Football clubs don’t like change.
Just look at Manchester United. After 20 seasons of regular silverware Manchester’s red side is struggling to cope with life after Fergie. In their desire to take their quest for realism above and beyond the call of duty, historically football games have suffered in a similar way.
Last time we were introduced to a new generation of consoles, Pro Evolution Soccer was king – but it didn’t cope well with the transition to the Xbox 360 and PS3. Before it could find its shooting boots FIFA had stolen its crown and poached many Pro Evo fans with it, most of whom have never looked back. So will FIFA 14 suffer the same fate when it lands on the Xbox One and PS4 next month?
Ignite: Setting FIFA alight
After three hours with a nearly finished build of FIFA 14 for Xbox One, it’s clear that EA has coped with upheaval much better than Man Utd has under David Moyes.
Most notable is the impact of the Ignite game engine, which will only feature in the Xbox One and PS4 versions of the game. It’s substantially changed the way players move, with a seemingly endless collection of new animations that are more context specific and enhance the sense of realism already instilled throughout the current-gen version of the game. Players roll the ball short distances with their studs, use their chests to lay it off, or lean back to sweep long, diagonal passes across the field, balancing themselves with an outstretched arm.
Let's get physical
It’s not just passing that the new moves cover. You’ll notice new ways of shooting, heading, crossing and controlling the ball, with the sense of physicality further enhanced thanks to the increase in processing power offered by the new consoles.
In previous games only two players at once would ever challenge for an aerial ball but with four times as many calculations going through the physics engine, next-gen versions of FIFA 14 see whole groups of players all going up for the same cross or corner, making tussles in the penalty box increasingly fraught and lifelike. It means strength, anticipation and timing will be more important than ever (and hopefully cut down on those headed goals from corners that never feel like your fault).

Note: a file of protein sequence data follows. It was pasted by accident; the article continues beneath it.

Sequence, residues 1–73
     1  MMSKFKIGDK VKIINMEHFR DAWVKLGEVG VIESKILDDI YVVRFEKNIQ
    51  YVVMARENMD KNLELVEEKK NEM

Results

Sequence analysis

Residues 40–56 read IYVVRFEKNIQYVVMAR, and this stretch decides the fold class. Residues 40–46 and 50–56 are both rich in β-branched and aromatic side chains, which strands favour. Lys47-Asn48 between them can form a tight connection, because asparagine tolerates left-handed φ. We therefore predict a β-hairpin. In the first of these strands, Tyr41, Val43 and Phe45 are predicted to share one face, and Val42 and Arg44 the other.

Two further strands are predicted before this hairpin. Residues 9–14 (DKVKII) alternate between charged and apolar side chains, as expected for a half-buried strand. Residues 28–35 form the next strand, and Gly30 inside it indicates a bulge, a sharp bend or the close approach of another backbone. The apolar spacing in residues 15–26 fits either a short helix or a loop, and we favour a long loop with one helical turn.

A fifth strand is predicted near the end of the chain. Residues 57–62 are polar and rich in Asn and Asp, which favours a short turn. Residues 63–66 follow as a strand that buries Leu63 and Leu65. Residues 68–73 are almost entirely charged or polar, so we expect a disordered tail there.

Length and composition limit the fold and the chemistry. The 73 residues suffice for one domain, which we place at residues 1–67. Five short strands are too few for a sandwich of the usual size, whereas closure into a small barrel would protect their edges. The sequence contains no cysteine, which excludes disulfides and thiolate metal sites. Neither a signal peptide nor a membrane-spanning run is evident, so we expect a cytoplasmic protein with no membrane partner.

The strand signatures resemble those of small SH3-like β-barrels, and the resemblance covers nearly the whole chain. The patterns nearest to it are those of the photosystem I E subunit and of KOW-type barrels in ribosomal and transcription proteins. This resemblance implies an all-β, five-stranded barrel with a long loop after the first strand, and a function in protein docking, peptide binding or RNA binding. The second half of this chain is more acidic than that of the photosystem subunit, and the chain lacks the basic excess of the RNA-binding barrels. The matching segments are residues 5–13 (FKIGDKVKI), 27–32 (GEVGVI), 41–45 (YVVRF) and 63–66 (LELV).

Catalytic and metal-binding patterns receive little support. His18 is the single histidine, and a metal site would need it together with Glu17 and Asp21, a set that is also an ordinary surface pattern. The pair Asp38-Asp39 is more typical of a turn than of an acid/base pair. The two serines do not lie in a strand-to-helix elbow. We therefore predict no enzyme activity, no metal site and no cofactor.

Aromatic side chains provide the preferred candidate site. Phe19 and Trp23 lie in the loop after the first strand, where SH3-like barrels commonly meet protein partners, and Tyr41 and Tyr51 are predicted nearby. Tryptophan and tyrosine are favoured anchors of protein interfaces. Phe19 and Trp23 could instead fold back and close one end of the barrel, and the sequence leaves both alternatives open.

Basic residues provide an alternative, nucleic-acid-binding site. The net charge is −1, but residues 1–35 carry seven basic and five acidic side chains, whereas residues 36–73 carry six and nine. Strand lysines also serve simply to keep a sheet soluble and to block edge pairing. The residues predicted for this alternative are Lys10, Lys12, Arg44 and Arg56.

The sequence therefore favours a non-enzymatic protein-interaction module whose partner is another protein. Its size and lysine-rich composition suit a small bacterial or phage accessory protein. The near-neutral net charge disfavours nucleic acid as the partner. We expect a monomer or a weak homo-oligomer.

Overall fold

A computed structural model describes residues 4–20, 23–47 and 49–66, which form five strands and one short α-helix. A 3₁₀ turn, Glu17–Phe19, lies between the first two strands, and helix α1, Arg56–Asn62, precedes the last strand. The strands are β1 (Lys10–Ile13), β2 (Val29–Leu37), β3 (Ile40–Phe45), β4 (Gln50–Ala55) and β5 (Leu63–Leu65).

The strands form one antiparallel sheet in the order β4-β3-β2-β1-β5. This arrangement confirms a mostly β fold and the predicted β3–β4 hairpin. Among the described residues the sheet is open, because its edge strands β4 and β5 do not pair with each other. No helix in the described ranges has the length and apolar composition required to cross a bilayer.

FIFA is never going to be the most graphically challenging game for a console to deal with; there are no landscapes stretching off to the horizon (even the Nou Camp’s not that big) or particularly complex lighting effects to deal with. That’s not to say FIFA 14 doesn’t look great – player likenesses and crowds in particular have taken a leap forward – but what it will test is lifelike movement, realistic collision detection and accurate physics, all of which feel very much enhanced in this version of the game. It’s the kind of stuff that could be dismissed as window dressing, but for a game that strives to replicate what you see on the pitch every Saturday and give you more tools to do so, it makes a real difference to the feel of the game.
This jump in detail also extends to the crowd, with home and away ends now distinctly separate, rather than the whole stadium being a big, mass of bodies. EA has also lowered the in-game camera to enhance the feeling of being inside the ground. We can’t say we really noticed but it didn’t affect our on-pitch performance, which is the main thing.
You’ll also now see replays for more than just chances and fouls. Make an important tackle or pull off a neat trick to beat your man and the game’s virtual TV director will highlight it once the ball goes dead. As with all replays in FIFA they’re skippable but in our time playing it never felt like they were too frequent or annoying. The goalkeepers could still do with being a bit less like tin soldiers – using the post to knock mud off their boots before a goal kick, for example, or shouting at their teammates to get higher up the pitch – but that’s hardly a game changer.
Something that could potentially affect the game is what EA calls Match Flow. Essentially it means the game doesn’t ‘cut’ when the ball goes out of play. If the defending team isn’t paying attention at a throw-in, for example, and the players fail to organise themselves it’s possible to catch them unawares and hit them on the break. It’s a counter-attacking tactic that’s only ever been sporadically available in previous games but should now come into play far more frequently.
Arguably the best thing about next-gen FIFA 14 is that it feels like current-gen FIFA 14. There’s no adjustment to the learning curve or new skills to master, it’s the same game enhanced with an added layer of accuracy and detail. For some that might not be enough but if you’ve been holding off buying the 360 or PS3 version in anticipation of FIFA’s next-gen debut, you won’t be disappointed.